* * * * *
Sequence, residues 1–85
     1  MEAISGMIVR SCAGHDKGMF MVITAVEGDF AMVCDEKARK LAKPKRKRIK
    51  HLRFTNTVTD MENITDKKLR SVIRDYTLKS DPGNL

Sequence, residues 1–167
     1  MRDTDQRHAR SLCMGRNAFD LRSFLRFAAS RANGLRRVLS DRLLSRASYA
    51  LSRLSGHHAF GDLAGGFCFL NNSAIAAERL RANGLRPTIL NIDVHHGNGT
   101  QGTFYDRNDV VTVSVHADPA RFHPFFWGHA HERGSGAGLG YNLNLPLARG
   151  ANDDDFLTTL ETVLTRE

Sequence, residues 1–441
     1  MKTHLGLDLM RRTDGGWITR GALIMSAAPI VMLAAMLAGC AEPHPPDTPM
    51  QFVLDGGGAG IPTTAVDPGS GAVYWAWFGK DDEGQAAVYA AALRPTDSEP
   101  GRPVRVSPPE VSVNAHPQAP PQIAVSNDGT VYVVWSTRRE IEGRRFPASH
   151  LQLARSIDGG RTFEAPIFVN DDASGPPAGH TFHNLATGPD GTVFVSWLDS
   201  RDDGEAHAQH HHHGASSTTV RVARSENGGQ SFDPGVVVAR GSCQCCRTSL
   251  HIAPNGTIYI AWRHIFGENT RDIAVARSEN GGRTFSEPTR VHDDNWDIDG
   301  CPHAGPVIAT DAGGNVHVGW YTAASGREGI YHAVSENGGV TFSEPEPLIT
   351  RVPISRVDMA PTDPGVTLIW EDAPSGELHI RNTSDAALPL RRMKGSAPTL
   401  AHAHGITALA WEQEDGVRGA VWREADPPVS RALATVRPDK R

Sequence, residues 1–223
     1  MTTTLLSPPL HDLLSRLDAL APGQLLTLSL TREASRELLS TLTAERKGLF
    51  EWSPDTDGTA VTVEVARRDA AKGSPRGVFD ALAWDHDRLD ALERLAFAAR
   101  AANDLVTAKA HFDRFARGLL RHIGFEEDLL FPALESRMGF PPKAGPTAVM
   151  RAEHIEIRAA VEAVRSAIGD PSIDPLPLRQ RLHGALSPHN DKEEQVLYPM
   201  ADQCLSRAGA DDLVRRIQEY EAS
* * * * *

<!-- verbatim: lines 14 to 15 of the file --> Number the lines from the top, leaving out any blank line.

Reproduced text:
   201  RDDGEAHAQH HHHGASSTTV RVARSENGGQ SFDPGVVVAR GSCQCCRTSL
   251  HIAPNGTIYI AWRHIFGENT RDIAVARSEN GGRTFSEPTR VHDDNWDIDG